U.S. Congress takes big step toward new $1 billion Arctic icebreaker
The move marks a major step forward in a yearslong campaign by Alaska lawmakers and others who say the U.S. needs to mind its dwindling Arctic infrastructure, particularly as a melting ice cap makes way for increased commercial shipping traffic and Russian military activity raises national security concerns.
Alaska’s senior senator, Republican Lisa Murkowski, sits on the Defense Appropriations Subcommittee, which passed the measure as part of a $48 billion defense funding bill for fiscal year 2017. The bill still has to make it through the full committee and a likely difficult election-year funding battle. But its approval by the subcommittee paints a rosy future for the icebreaker.
The full committee will consider the bill Thursday, after which it should head to the Senate floor.
At the hearing, Murkowski thanked subcommittee leaders for their work “to ensure that the United States is not left behind in the Arctic.” She made special mention of committee chair Sen. Thad Cochran, R-Mississippi, and spoke as if it was his idea and not something she, Alaska Sen. Dan Sullivan and Alaska Rep. Don Young had talked about frequently for more than a year.
And she also made it clear why she wasn’t taking a victory lap in the committee setting.
“But this is not an Alaska earmark by any stretch of the imagination,” Murkowski said. “And I would probably be struck down if I were to mention an earmark in this committee.”
The statement highlighted how much things have changed in Washington over the last decade as lawmakers have a harder time securing dedicated funding for their states.
Protecting national interests in Arctic
Before the hearing, Cochran released a statement about his plan to offer an amendment that included $1 billion for a new icebreaker, calling it “a critical investment in the long-delayed expansion of the U.S. icebreaker fleet.”
“We must take assertive action to provide the vessels needed to protect American national security and economic interests in the Arctic region. The United States needs the capability to have year-round access to polar regions,” Cochran said.
The icebreaker funding won bipartisan approval, with the appeal of shipbuilding for Republicans, adapting to climate change for Democrats, and beefing up national security for both sides of the aisle.
Climate change implications
The subcommittee’s ranking member, Sen. Dick Durbin, D-Illinois, said the bill met budget restrictions “without resorting to gimmicks.” And he picked up the cause of an icebreaker, noting President Barack Obama’s call for “the United States to maintain its leadership in the Arctic. The effects of climate change mean this region is increasingly important to national security,” Durbin said, noting the disparity between the U.S. fleet and that of Russia.
“Climate change is real. The national security implications and the ability of our armed forces are real, and so this bill makes a real commitment,” Durbin said.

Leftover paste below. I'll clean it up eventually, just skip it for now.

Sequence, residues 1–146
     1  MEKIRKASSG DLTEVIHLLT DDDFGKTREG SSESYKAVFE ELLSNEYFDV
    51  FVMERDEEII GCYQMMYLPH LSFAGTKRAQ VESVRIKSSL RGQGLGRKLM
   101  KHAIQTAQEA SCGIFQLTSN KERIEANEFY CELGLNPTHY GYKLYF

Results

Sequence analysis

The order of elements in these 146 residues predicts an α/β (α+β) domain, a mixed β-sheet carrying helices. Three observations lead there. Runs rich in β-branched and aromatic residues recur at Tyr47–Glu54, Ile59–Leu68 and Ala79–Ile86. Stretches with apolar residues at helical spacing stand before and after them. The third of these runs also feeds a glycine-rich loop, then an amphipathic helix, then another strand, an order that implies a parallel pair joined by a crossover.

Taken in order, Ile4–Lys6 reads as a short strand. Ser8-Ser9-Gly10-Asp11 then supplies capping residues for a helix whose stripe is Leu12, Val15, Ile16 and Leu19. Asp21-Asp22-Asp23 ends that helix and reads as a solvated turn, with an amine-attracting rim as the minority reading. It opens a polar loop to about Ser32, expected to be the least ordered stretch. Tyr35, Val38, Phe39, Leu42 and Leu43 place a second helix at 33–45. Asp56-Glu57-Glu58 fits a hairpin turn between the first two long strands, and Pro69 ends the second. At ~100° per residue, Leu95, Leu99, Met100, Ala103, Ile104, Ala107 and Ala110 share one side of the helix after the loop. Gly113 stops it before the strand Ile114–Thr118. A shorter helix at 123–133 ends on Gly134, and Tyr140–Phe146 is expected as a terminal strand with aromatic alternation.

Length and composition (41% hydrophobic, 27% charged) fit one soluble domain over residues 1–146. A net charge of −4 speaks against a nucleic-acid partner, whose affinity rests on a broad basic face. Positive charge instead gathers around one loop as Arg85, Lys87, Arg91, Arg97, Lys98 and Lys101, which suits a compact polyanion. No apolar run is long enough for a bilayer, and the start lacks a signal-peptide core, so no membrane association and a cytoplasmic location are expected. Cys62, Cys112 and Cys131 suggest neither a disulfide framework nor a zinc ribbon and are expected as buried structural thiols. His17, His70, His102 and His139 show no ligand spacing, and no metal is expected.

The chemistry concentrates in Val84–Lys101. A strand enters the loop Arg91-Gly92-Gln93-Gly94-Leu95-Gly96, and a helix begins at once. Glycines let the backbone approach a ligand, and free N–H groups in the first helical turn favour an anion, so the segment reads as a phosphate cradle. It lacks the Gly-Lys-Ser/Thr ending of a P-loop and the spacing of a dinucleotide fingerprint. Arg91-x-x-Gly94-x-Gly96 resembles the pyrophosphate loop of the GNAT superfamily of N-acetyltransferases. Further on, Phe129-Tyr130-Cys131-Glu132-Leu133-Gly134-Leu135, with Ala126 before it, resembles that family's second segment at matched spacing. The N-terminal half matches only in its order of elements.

Appropriations committee member Sen. John Hoeven, R-North Dakota, noted that the defense funding bill “incorporated submissions from 90 senators on both sides of the aisle on nearly every facet of the department’s operations, and now I believe we have good, bipartisan legislation for the American people.”
After the hearing, Murkowski called the icebreaker funding “a significant victory in (her) decadelong fight to turn our nation’s focus to the Arctic and embrace our role as an Arctic nation.”
“I have long fought to fully fund the acquisition of Arctic-capable icebreakers instead of the piecemeal approach that the administration has been taking for the last eight years,” Murkowski said. In the statement, she thanked the members of the committee “for recognizing the importance of this vessel to our national security.”
Is U.S. Coast Guard unprepared?
The U.S. has only two heavy-duty icebreakers, one largely scrapped and unusable, the other dedicated to scientific missions in Antarctica. A third icebreaker, the medium-duty Healy, travels in the Arctic mainly as a research ship.
The heavy-duty Polar Star has five to eight “years more useful life in her,” but “throughout that time, we will not see her in the Arctic,” Murkowski said, noting the ship’s assignment to Antarctica.
Arctic icebreaker advocates have warned of increased activity in the area by the Russian military and growing opportunities for shipping as ice melts and new sea passages open. They’ve warned the U.S. Coast Guard would be unprepared to come to the aid of commercial vessels that run into trouble in Arctic waters.
The “reality is, we are sitting dead in the water when it comes to our ability as a nation to be leading in the Arctic, because we simply do not have the infrastructure,” Murkowski said. “So the commitment today to making this a reality is very, very significant,” she said.
Murkowski’s office noted her regular public efforts to support a new icebreaker, and also that the $1 billion appropriation far outstripped Obama’s $147.6 million budget request for icebreaker design.
Lawmakers have long haggled over how to fund an icebreaker when one vessel costs more than the Coast Guard’s entire annual construction budget.
In a somewhat surprise move, the appropriations provision released Tuesday simply funds the icebreaker through the U.S. Navy’s shipbuilding budget. The Navy would contract out the project to a U.S.-based company.
Murkowski’s spokesperson Karina Petersen said the Navy “will be able to better manage a contract of this size” and that Murkowski expects an “upfront” appropriation “will potentially expedite the process.”
This story is posted on Independent Barents Observer as part of Eye on the Arctic, a collaborative partnership between public and private circumpolar media organizations.